EU outrage: Slovakia pledged ‘Brexit will be very painful’ for UK | United Kingdom | New
Brexit continues to engender tensions between the UK and the EU as Minister David Frost warns the Northern Ireland Protocol is not sustainable in its current form. UK and EU officials are engaged in intensive technical discussions aimed at simplifying the operation of the protocol. This has been an extremely controversial issue since the start of the Brexit process. A bad feeling has also been observed around fishing in recent months, as France clashes with Jersey over access to the waters.
Hostility began in 2016, however, shortly after the UK voted to leave the EU in the historic referendum.
In September of the same year, then Slovak Prime Minister Robert Fico said Europe would ensure that leaving the EU was “very painful” for the UK.
He added that Britain would not be allowed to make EU workers “second class citizens” while enjoying the benefits of the single market.
Mr Fico told the Financial Times: “It will be very difficult for the UK, very difficult.
“The EU will take this opportunity to show the public: ‘Listen guys, now you are going to see why it is important to stay in the EU’. That will be the position.”
Mr Fico stressed that he had personal “respect” for then Prime Minister Theresa May, but said he did not envy his dilemma.
He added, “How about if you were in their shoes? Even though it is the fifth largest economy in the world – I understand their financial importance – it will still be very painful for the UK.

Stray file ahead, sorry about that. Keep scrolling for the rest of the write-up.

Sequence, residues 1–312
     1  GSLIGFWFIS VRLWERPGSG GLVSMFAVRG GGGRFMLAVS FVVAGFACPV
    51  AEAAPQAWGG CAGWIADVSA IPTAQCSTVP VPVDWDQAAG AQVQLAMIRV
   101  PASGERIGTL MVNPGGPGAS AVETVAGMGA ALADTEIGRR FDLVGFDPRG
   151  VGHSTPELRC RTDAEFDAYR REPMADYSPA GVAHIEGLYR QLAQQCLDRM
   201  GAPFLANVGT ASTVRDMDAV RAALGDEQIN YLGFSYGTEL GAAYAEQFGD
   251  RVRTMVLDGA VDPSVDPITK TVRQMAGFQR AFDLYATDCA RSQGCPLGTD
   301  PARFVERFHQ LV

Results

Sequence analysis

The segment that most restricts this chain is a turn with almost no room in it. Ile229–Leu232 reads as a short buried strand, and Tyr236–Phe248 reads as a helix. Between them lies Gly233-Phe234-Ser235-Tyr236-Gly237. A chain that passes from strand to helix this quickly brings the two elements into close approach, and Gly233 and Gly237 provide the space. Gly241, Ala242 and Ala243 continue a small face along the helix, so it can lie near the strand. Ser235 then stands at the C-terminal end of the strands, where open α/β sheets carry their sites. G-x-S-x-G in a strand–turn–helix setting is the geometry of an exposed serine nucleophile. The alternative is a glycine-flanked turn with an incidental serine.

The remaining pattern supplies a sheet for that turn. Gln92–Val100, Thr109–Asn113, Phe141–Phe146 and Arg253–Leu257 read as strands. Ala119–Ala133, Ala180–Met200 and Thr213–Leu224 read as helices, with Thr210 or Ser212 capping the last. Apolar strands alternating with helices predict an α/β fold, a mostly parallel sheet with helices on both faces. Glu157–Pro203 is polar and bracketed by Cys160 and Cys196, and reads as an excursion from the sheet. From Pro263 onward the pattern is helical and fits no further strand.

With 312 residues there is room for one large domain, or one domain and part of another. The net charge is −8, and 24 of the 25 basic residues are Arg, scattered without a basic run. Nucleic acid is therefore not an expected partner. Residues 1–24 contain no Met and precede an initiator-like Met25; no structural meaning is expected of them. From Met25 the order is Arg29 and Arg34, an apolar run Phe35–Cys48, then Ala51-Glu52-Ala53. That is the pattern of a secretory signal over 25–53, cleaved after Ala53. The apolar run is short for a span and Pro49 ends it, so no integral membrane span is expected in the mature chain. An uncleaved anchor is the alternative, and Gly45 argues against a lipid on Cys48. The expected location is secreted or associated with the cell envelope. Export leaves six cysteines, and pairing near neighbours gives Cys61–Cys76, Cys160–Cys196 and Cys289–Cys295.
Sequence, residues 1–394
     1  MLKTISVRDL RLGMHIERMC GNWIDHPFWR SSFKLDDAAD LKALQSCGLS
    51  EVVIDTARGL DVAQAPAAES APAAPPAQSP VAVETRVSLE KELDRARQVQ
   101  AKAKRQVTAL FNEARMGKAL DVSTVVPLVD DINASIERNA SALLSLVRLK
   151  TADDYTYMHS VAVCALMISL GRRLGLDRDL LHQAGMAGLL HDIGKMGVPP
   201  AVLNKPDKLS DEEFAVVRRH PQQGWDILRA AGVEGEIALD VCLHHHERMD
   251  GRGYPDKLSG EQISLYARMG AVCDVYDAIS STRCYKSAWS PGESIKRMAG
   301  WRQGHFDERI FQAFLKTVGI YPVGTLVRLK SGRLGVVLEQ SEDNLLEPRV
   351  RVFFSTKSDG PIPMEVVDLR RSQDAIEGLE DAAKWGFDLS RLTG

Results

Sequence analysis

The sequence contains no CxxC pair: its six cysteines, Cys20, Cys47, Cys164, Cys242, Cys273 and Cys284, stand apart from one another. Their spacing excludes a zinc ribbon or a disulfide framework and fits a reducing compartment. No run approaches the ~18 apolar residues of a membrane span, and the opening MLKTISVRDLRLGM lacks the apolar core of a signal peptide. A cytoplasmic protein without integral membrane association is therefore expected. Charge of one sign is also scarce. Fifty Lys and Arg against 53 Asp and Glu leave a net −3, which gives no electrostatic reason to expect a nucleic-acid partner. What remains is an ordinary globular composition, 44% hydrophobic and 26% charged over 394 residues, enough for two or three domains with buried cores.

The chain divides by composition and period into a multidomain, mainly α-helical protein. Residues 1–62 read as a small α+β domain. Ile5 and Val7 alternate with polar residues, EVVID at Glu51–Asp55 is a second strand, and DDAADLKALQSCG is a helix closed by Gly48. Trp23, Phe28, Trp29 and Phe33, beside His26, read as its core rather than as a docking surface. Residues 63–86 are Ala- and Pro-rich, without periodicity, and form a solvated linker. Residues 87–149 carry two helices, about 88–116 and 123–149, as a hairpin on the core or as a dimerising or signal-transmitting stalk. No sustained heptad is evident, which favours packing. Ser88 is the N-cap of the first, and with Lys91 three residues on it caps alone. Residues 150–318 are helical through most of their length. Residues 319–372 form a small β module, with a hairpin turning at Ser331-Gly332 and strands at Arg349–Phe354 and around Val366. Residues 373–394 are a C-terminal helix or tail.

“They’re bluffing. If you were in their shoes, you’d say the same thing. ‘Everything will be fine, it will be fantastic, you’ll see.’
“No no no no.”
READ MORE: EU pressured Switzerland to send message to UK
Mr Fico was not the only figure in Europe to take a tough stance on Brexit.
Former Swedish Foreign Minister and former Vice President of the European Commission – Margot Wallström – said in June 2019 that she could ‘never forgive’ the UK for Brexit.
She said the UK’s approach to the issue was’ dangerous’ and ‘mismanaged’, adding: ‘I just think they made a historic mistake and really created a problem for all of us.
“I cannot forgive them for this.
“Our political project, the European Union, will suffer greatly and this must be fully understood.”
Ms Wallstrom, a social democrat, accused the UK of taking its position in the bloc for granted and questioned the decision to even hold a referendum on EU membership.
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She continued, “You know what? It is because of bad political leadership for a very long time in the UK. I have seen during all my years in the European Commission that there was no one who would defend their membership in the EU.
“You shouldn’t promise referendums if you don’t prepare them properly.”
In 2017, French lawmakers also denounced Brexit, with a report suggesting the UK should not have privileged access to EU markets.
The French Senate vowed that the UK should not be allowed to leave the EU in an easier position than it was as a member state, and if necessary a no-deal withdrawal should be considered.
He also called Ms. May’s speech “a mixture of veiled threats and signs of goodwill.”
The report admitted that the UK economy weathered the Brexit storm early on, but said weaknesses would be exposed.
French lawmakers have said rising household debt, the weakening commercial property market, the current account deficit and the devaluation of the British pound could have an impact on the UK.